Editorial Feature

Space Swimmers: How Microrobots Could Uncover the Mysteries of Planetary Oceans

The Earth is primarily made up of oceans; we are an aquatic planet. Now, scientists are developing robotic technology initially used to explore oceans on Earth to explore extraterrestrial oceans. Data from these projects will reveal more about life in our solar system and help us understand our own planet. Here, we discuss how microrobots are being developed to explore planetary oceans and what this means for deepening our understanding of Earth’s oceans.

Space Swimmers: How Microrobots Could Uncover the Mysteries of Planetary Oceans

Image Credit: KeremGogus/Shutterstock.com

The Use of Robotics for Ocean Exploration 

Ocean exploration is hindered by the increasingly intense pressures of the deep ocean. At sea level, the air pushing down on your body is around 14.7 pounds per square inch, and for every 33 feet you submerge, the pressure increases by one atmosphere. The ocean's deepest point, the Mariana Trench, is 36,201 feet deep; the intense pressures of such depths make it almost impossible to explore. In addition, adverse weather conditions, darkness, and hydrodynamic perturbations push ocean exploration technology to its limits.

As robotic technology has advanced, it has been leveraged in a vast number of scientific sectors. Robots have been used to build autonomous systems that can collect vast amounts of data, which is wirelessly relayed back to research teams worldwide. Autonomous robotic systems to explore the ocean have become increasingly popular over the past two decades and currently play a significant role in monitoring climate change.

With the pandemic delaying or suspending research cruises, the use of robots in ocean exploration saw another boost. Now, they are being developed to help further our knowledge of life on other planets.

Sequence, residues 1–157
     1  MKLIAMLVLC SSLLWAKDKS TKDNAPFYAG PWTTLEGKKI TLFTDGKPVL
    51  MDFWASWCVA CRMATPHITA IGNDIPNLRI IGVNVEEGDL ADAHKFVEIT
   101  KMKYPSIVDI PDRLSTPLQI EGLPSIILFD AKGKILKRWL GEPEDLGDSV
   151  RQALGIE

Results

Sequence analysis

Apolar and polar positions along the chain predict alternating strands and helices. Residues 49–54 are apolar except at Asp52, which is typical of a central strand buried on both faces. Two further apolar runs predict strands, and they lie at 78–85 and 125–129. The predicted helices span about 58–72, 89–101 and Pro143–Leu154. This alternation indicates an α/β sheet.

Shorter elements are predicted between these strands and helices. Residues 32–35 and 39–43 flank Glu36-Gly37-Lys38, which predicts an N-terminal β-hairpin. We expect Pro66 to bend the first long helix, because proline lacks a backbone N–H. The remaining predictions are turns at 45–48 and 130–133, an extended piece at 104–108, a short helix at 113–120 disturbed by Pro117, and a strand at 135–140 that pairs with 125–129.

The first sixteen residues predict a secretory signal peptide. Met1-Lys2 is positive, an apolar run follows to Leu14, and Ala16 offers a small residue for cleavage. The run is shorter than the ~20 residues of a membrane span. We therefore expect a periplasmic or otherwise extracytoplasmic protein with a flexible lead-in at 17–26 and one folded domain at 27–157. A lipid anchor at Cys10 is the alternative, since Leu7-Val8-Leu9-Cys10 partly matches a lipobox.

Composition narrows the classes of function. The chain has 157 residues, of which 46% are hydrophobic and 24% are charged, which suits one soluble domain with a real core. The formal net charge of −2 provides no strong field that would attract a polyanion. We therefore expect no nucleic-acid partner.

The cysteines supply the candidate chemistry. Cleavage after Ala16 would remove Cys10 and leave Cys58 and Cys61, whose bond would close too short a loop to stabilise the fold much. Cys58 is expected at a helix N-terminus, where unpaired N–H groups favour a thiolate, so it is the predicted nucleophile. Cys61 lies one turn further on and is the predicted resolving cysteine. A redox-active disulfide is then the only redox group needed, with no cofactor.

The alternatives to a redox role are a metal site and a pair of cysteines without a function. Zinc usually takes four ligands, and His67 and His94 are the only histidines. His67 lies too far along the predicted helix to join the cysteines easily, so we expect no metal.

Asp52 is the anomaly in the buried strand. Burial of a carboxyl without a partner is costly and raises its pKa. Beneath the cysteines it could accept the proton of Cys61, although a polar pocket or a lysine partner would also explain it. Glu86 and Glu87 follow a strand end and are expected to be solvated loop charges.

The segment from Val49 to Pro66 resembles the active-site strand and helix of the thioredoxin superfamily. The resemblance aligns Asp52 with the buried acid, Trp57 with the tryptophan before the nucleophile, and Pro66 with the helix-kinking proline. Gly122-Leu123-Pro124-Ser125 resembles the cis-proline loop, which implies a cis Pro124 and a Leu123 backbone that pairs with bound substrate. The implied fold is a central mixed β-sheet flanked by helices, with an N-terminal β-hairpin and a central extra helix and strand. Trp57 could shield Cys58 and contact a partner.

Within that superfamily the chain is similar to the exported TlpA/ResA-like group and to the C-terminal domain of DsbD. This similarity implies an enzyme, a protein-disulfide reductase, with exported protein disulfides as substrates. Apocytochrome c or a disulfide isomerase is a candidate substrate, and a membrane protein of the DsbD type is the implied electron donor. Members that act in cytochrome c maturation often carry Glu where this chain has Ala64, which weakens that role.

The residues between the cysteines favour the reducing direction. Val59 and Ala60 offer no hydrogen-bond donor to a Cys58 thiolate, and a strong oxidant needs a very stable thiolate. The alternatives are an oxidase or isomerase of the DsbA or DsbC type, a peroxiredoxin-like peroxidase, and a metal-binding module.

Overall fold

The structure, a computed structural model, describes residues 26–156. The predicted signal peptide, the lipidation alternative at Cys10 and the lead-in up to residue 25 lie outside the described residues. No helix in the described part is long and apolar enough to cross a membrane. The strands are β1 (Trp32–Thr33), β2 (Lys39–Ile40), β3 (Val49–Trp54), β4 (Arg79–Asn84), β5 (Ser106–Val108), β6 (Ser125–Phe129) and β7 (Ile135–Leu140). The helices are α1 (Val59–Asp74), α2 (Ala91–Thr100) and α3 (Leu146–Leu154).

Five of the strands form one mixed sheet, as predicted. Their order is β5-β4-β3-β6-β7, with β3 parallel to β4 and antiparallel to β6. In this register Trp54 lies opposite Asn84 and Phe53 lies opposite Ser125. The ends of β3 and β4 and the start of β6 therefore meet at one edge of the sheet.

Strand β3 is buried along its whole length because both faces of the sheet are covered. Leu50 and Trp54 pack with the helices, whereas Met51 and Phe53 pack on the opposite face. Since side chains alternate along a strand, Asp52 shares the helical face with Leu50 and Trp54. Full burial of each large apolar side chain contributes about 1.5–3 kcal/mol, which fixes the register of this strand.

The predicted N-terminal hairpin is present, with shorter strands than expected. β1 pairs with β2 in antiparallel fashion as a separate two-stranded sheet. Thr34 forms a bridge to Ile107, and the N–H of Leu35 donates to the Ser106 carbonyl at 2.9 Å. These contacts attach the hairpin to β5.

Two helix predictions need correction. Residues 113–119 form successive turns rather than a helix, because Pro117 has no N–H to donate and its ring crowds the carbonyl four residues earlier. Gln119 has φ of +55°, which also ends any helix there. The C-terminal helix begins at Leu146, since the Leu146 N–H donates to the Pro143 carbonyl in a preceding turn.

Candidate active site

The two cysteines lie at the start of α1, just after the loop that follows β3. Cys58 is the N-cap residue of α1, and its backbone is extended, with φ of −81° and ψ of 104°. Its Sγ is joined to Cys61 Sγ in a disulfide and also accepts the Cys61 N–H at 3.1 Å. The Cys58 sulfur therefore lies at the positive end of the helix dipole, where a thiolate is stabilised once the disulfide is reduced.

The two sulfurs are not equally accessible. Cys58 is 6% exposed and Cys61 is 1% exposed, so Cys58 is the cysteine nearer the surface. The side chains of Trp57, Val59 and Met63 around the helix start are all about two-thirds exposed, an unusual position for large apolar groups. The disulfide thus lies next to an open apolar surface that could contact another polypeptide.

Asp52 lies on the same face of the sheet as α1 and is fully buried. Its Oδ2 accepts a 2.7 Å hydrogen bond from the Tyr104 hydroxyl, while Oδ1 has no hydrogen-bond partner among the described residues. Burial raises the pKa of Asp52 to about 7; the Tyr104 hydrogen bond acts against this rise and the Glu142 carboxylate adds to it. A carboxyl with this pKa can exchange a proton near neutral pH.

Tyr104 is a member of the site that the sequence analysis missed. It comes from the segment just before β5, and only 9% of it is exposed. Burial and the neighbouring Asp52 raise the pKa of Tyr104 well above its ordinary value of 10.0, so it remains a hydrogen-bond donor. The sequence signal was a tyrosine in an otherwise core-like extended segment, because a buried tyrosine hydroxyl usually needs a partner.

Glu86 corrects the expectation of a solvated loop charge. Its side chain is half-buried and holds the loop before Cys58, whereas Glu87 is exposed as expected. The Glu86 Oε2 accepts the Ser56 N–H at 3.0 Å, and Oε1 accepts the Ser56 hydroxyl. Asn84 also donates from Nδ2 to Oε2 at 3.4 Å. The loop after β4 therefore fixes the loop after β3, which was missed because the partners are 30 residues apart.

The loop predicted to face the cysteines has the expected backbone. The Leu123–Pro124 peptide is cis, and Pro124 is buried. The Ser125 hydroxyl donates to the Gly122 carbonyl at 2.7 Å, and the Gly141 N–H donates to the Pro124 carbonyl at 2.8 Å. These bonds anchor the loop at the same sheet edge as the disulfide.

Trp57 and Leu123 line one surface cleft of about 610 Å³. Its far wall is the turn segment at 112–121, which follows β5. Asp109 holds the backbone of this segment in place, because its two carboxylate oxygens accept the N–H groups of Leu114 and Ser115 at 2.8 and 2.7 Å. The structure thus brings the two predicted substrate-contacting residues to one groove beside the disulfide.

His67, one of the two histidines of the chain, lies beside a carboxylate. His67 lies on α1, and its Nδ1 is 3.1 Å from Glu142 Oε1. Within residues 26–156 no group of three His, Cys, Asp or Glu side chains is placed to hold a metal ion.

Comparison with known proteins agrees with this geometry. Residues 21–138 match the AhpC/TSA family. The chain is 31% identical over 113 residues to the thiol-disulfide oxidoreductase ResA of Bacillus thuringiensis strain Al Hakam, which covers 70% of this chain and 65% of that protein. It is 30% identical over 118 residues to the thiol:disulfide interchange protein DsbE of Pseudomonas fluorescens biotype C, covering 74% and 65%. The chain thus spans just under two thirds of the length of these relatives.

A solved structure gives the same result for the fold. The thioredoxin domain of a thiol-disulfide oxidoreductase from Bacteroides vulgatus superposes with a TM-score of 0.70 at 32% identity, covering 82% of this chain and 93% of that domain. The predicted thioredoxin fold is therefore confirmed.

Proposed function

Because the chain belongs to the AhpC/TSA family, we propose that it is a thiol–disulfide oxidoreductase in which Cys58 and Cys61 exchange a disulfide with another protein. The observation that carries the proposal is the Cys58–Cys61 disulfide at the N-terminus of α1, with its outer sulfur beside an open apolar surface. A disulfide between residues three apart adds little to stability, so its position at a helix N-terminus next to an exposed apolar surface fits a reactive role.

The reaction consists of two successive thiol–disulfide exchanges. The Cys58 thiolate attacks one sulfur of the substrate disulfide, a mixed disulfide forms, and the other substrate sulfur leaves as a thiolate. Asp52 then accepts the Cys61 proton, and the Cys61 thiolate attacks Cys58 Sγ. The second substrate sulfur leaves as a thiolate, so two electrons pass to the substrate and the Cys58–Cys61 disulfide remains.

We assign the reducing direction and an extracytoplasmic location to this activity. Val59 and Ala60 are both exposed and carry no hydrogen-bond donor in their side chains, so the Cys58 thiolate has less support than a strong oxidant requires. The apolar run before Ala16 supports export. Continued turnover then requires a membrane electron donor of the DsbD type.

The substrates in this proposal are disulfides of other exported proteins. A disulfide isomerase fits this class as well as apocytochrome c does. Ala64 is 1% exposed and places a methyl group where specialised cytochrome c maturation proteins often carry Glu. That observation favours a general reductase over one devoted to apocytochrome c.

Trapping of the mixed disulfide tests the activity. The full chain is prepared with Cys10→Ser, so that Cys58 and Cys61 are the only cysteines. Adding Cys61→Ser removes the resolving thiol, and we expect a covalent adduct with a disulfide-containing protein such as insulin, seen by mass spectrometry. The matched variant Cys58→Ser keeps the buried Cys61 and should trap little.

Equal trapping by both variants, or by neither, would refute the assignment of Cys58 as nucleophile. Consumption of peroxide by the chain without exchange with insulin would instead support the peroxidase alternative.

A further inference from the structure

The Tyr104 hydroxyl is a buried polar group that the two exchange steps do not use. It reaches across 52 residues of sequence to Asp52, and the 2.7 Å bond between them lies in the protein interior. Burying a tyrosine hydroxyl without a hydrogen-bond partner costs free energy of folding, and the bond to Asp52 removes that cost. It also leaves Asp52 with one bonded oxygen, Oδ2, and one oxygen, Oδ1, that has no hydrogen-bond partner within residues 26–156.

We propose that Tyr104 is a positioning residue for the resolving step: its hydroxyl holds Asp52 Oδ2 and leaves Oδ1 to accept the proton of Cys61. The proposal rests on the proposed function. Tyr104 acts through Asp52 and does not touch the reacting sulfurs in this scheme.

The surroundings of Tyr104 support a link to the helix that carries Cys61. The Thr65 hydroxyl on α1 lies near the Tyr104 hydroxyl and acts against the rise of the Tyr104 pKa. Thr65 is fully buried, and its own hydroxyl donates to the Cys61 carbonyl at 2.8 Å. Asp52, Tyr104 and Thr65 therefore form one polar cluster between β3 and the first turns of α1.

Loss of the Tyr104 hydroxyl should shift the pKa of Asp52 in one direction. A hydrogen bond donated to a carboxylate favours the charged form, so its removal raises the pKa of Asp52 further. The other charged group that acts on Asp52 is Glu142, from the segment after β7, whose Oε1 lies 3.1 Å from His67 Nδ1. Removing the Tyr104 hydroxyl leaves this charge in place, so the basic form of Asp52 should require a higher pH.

How Can Investigating Oceans on Other Planets Help to Understand Life on Earth? 

The most likely place to find signs of life on other planets and moons is within their oceans. Numerous space missions are currently planned to explore liquid oceans, which often lie beneath an icy crust. Over the coming decades, space exploration will focus on delving into these distant worlds, with icy moons Enceladus, Europa, and Titan identified as locations of particular research interest.

Icy moon of Jupiter, Europa

Image Credit: Steven_Mol/Shutterstock.com

Not only are alien oceans the key to discovering more about life in our solar system, but they also offer an opportunity to understand our planet better. 99% of all living bodies on Earth are contained in an ocean environment rather than on land. Understanding how other, similar environments function may provide great insight into how ours is formed, how it functions presently, and what it will be like in the future.

Ocean Exploration Technology and Planetary Investigations 

The robotic technology currently employed in explorations of the Earth's ocean is being adapted to research other planets. There are many challenges when exploring worlds and moons, as it is often difficult, risky, and expensive to send human crews into space to conduct explorations manually. Ocean explorers on our own planet face a similar challenge, which is one of the reasons why robots have been developed to explore for us and wirelessly communicate their findings.